Every summer we welcome new art into the Webster's Woods Sculpture Park. This year 7 artists shared their vision for the exhibition "Under the Canopy".
The artist says: "Sky Gazer’s organic form invites the viewer to recline and look at the sky. In this relaxed position I hope that the person will experience their surroundings from a less common perspective and investigate and connect with different sights, sounds, and smells from the environment around them."
The artist says: "Within the woods, we share our existence with other creatures both big and small. I’ve chosen to portray a fox in the Under the Canopy exhibit as an animal known for its playfulness, cunning and mischief: inviting viewers to leap into the wild."
The artist says: "'Compass' juxtaposes natural and fabricated objects, and plays with the idea of direction. Looking through you might ponder where to go from here?"
The artist says: "We sought to present a dialogue concerning the roles of nature and creativity within the Webster's Woods setting and beyond."
The artist says: "The work relies on interference and narrow band optical filtration. White light impinges on dichroic material positioned against a backdrop, colors are created through selective transmission and reflection. It works like an oil slick or a soap bubble, without pigment. It can evoke something as elusive as an Aurora Borealis or as quotidian as sunrise and sunset in our atmosphere. Did you know that on Mars midday skies are red and sunrise and sunset are blueish-purple?"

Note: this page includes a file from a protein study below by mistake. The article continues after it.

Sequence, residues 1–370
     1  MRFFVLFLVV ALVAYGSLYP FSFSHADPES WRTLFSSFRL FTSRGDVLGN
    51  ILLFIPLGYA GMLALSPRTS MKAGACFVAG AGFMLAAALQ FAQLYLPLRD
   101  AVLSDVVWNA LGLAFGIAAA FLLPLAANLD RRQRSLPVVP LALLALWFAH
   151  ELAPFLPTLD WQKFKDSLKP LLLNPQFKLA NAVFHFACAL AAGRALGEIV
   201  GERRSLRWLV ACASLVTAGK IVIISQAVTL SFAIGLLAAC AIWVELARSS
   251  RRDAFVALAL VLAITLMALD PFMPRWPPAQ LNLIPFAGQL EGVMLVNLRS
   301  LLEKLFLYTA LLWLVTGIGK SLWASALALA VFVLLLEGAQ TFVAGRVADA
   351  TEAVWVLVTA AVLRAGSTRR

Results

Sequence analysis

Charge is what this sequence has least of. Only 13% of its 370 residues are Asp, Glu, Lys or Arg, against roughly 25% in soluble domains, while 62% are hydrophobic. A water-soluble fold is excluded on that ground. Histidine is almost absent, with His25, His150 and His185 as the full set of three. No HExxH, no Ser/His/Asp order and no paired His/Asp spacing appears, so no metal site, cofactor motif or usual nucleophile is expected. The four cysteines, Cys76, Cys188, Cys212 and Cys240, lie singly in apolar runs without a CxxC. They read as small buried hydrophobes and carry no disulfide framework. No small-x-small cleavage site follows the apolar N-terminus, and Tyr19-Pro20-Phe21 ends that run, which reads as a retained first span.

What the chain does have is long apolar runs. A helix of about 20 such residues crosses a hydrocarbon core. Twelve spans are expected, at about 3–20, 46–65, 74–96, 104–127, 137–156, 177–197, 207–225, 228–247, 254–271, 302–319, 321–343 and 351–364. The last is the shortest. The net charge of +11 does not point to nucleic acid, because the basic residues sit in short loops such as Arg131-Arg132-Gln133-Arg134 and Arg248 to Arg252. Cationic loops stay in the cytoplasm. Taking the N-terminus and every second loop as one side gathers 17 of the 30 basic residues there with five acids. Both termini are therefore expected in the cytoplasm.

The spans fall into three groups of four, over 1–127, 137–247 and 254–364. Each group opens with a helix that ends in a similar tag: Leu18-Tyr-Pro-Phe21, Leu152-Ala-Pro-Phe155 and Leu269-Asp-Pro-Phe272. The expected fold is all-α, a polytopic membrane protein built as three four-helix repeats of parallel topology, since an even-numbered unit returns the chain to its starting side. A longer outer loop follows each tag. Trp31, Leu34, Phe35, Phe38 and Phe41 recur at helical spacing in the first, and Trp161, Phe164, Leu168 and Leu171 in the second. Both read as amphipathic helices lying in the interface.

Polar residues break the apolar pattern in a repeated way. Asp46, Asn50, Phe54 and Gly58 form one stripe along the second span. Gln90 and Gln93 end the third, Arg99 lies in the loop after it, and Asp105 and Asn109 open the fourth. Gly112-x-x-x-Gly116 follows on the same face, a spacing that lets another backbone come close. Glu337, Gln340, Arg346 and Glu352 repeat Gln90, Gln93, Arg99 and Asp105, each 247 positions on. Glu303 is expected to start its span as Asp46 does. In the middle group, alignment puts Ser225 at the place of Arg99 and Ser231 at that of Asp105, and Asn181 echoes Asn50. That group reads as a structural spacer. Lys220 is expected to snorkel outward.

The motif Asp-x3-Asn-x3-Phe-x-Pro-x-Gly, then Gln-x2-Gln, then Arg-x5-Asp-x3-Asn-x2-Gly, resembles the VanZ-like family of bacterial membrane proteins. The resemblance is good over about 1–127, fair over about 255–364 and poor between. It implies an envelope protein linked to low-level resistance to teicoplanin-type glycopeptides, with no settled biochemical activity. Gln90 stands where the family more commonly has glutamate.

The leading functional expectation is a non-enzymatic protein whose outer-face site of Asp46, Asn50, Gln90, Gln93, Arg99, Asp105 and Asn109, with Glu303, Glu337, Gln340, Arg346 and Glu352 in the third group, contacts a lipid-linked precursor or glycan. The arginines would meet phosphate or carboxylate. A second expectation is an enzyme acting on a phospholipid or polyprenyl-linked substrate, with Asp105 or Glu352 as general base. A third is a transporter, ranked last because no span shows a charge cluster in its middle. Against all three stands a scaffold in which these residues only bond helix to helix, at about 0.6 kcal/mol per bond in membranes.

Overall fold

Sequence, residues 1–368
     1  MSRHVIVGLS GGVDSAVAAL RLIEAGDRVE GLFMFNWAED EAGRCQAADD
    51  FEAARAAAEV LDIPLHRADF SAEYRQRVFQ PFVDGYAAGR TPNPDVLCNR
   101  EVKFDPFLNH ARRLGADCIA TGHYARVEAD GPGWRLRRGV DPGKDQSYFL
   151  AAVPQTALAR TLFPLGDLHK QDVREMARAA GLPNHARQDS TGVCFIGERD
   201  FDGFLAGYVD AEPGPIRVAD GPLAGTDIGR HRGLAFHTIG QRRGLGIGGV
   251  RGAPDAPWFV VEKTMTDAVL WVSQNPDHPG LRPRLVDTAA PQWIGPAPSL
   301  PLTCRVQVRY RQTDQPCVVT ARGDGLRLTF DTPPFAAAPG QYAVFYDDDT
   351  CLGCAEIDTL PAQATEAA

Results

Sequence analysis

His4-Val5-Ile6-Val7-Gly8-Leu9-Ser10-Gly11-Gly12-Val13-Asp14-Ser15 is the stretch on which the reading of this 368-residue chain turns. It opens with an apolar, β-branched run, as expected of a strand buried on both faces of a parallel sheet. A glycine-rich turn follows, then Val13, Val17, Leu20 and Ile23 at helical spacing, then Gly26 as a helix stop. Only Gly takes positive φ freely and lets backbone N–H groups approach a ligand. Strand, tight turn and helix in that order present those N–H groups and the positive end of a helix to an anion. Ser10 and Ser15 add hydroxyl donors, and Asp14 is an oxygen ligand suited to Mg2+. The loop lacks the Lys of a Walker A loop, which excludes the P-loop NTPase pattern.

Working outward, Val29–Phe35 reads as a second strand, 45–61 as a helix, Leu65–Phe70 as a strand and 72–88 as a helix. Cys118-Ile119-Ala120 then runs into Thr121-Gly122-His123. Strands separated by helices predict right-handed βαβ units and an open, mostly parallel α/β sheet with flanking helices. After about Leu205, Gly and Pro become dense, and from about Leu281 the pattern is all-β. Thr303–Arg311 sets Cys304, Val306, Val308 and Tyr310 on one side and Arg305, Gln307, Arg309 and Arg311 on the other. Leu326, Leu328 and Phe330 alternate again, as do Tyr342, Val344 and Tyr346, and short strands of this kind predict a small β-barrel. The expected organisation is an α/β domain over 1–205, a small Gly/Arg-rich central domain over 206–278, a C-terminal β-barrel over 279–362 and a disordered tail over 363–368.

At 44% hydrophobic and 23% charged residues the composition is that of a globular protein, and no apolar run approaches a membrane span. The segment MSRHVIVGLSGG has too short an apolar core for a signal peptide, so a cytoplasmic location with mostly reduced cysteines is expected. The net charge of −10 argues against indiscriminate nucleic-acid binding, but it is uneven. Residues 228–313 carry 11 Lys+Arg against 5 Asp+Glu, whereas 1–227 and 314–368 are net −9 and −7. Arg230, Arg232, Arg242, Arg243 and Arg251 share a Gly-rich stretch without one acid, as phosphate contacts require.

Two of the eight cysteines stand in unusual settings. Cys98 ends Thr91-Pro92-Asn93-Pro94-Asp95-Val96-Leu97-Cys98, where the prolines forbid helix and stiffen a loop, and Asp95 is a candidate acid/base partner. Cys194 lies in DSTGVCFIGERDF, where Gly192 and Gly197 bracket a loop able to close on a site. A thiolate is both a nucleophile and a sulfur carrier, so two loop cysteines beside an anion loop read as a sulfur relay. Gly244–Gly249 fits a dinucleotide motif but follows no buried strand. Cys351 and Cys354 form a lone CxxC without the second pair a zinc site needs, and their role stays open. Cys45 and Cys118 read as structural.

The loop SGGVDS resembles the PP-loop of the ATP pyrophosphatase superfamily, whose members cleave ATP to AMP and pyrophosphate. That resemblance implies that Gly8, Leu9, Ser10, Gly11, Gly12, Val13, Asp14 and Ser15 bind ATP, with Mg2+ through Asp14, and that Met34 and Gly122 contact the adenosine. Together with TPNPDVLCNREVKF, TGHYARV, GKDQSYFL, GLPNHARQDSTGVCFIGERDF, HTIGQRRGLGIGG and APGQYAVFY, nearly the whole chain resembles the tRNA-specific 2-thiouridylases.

The artist says: "The title Sčtə́ŋxʷən Mák̕ʷaʔ (shCH-t(uh)-ng-whuhn mah-QU-ah-) comes from words used in Klallam languages. It translates roughly as: Earth/Land Grave. This place-marker of sculpture responds to modern dilemmas where we collectively sever our ties to nature in favor of artificial realities. My sculpture respects and honors Native American ancestors and their spiritual connections with the land. The history and language of Coast Salish groups which celebrated relationships with the land is all but lost. Those inhabitants of the Pacific Northwest recognized unmeasurable value in the connections between humans and nature. Without reconnecting the formative relations our brothers and sisters held with nature, the present and future of humanity will become lost in the death of Earth and land that supports the existence of all life."
The artist says: "Water Spider is a character from Cherokee legends.
Although small and "insignificant" she managed to bring fire to the people when none of the other animals could by walking across the water and putting an ember in the clay pot on her back. She personifies the importance of the small or weak to do great things and change the world."
Sixkiller is a Tsalagi (Cherokee) name denoting heritage in one of the warrior clans.
The artist says: "I have previously created stone, wood, and other found object sculptures organically in the environment without any expectation of permanence except through photographs.
Rock Star is my first exploration of creating a more permanent installation. The sculpture also personifies “Growth” in the way the star motif seems to burst and grow out from the surrounding rocks."